Defendant Thiessen tacitly or directly ratified, approved, condoned and/or otherwise encouraged a pattern, practice, custom or policy of misconduct and/or civil rights violations by her subordinates, such as occurred in the instant case.
Prior to the subject incident, . . . Defendant Thiessen and/or other high ranking members of the Tracy Police Department were on actual notice of problems with the accountability of Tracy Police Officers, including, but not limited to, problems with the ability of the Internal Affairs Bureau of the Tracy Police Department to fully, fairly, and objectively investigate citizens complaints concerning misconduct of members of the Tracy Police Department.
As a result of customs, policies, practices and/or the lack thereof, . . . Defendant Thiessen and/or high ranking supervisors of the Tracy Police Department have encouraged, authorized, ratified, condoned and/or have failed to remedy continuing acts of misconduct and civil rights violations, including, but not limited to, those which have resulted in the damage as alleged herein to [Plaintiff]. (Compl. ¶¶ 18-28.)
These allegations "lack specific facts to link [Thiessen's] conduct and [P]laintiff['s] alleged constitutional deprivations." Arres v. City of Fresno, No. CV F 10-1628-LJO-SMS, 2011 WL 284971, at *18 (E.D. Cal. Jan 26, 2011). Plaintiff alleges "no specific facts that [Thiessen] knew of constitutional violations and failed to respond to prevent them[;]" nor does he allege "specific facts that [Thiessen] promulgated or implemented a deficient policy to repudiate constitutional rights." Id. Plaintiff also does not allege specific facts concerning Thiessen's "culpable action or inaction in the training, supervision, or control of h[er] subordinates; . . . h[er] acquiescence in the [alleged] constitutional deprivation; or [her] reckless or callous indifference to the rights of others." Starr v. Baca, 2011 WL 2988827, at *5. Instead, Plaintiff's allegations constitute "'naked assertion[s]' devoid of 'further factual enhancement[,]'" which are insufficient to survive a Rule 12(b)(6) dismissal motion. Iqbal, 129 S. Ct. at 1949 (quoting Twombly, 550 U.S. at 557). Therefore, this portion of Thiessen's dismissal motion is granted.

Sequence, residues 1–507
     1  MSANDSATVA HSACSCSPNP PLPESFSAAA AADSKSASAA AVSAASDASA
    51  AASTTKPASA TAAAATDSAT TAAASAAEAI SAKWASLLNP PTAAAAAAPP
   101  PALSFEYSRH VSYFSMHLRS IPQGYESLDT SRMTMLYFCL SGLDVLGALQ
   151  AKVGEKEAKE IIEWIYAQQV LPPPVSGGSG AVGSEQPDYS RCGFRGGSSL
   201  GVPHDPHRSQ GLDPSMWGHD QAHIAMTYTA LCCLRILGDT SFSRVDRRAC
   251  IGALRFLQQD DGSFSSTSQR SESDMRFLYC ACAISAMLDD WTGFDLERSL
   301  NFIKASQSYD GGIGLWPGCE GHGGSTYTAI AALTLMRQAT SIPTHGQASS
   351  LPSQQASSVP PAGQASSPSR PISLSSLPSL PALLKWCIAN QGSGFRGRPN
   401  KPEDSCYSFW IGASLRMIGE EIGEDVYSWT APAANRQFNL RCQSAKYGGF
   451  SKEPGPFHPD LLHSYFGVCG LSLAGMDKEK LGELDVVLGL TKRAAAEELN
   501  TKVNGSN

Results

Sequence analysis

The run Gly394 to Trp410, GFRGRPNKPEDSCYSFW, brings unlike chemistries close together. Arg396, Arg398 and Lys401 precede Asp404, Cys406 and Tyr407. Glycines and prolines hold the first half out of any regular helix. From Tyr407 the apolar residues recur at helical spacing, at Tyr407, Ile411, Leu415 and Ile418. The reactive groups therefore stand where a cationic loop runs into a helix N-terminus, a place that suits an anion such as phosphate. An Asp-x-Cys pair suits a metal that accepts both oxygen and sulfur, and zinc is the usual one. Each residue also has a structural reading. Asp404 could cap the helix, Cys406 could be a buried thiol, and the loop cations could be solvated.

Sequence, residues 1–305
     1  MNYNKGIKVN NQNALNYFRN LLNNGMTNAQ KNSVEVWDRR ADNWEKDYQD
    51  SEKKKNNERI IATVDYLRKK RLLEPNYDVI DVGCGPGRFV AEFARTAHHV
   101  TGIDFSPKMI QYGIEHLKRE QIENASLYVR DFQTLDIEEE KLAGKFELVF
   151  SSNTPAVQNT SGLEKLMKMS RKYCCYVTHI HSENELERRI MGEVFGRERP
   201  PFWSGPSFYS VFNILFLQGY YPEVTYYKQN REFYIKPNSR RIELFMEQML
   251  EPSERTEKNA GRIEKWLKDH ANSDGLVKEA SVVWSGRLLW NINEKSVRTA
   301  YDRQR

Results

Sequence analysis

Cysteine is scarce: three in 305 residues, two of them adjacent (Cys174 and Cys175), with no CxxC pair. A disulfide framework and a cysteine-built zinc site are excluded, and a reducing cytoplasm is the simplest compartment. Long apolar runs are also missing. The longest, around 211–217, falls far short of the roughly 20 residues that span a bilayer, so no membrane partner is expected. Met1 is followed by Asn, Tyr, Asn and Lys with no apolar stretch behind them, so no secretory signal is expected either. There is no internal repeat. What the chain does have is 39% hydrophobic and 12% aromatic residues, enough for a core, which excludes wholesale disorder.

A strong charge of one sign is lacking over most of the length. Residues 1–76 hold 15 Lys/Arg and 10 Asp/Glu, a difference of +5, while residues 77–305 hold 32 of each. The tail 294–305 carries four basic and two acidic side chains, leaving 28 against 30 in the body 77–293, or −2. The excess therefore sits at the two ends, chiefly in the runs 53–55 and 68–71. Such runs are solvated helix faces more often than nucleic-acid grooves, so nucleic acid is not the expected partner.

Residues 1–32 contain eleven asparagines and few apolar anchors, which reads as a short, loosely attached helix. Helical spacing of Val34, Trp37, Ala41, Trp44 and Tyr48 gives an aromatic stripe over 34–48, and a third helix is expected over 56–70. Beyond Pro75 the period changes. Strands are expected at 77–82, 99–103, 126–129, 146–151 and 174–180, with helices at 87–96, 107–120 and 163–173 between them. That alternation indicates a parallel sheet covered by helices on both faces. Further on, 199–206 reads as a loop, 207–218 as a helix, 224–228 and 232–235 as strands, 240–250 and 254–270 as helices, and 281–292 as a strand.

D. Negligence and Battery Claims Against Thiessen
Thiessen also that argues Plaintiff's negligence claim against her should be dismissed since "Plaintiff . . . does not even attempt to identify what . . . Thiessen's alleged duty [of care] was and [alleges] no facts as to how she purportedly breached any duty owed to [P]laintiff." (Mot. 8:19-21.) Plaintiff counters he has sufficiently pled a negligence claim against Thiessen.
"The elements of a negligence cause of action [under California law] are duty to use due care and breach of duty, which proximately causes injury." Lopez v. City of L.A., 196 Cal. App. 4th 675, 685 (2011). Plaintiff alleges:
Thiessen . . . owed Plaintiff the duty to exercise reasonable care at or about the times of the aforementioned incidents. . . . Thiessen, by her conduct alleged herein, negligently, carelessly, and wrongfully breached her duty to use reasonable care owed to Plaintiff. . . . As a direct and proximate result of [Thiessen's] negligence, Plaintiff has suffered damages and injuries as alleged herein. (Compl. ¶¶ 38-39, 42.) Plaintiff's negligence claim against Thiessen "offers 'labels and conclusions' [and] 'a formulaic recitation of the elements of a cause of action'" for negligence. Iqbal, 129 S. Ct. at 1949 (quoting Twombly, 550 U.S. at 555, 557 (2007)). Plaintiff's Complaint "fails to distill how [Thiessen] owed . . . a duty to [P]laintiff and breached it as to [him]." Arres, 2011 WL 284971, at *25. Therefore, Plaintiff's negligence claim against Thiessen is dismissed.
Thiessen also argues Plaintiff's battery claim against her should be dismissed, since "Plaintiff's complaint makes clear that . . . Thiessen was not present at and did not participate in any contacts with [P]laintiff[.]" (Mot. 9:1-2.) Under California law, "[a] battery is any intentional, unlawful and harmful contact by one person with the person of another." Ashcraft v. King, 228 Cal. App. 3d 604, 611 (1991). "A harmful contact, intentionally done is the essence of a battery." Id. Here, Plaintiff's Complaint contains no allegations that Thiessen intentionally and harmfully contacted Plaintiff; therefore, Plaintiff's battery claim against Thiessen is dismissed.
For the stated reasons, each Defendant's motion to dismiss is granted. Plaintiff is granted fourteen (14) days from the date on which this order is filed to file an amended complaint addressing the deficiencies of the claims in his Complaint. Further, Plaintiff is notified his Complaint may be dismissed with prejudice under Federal Rule of Civil Procedure 41(b) if he does not file an amended complaint within this prescribed time period.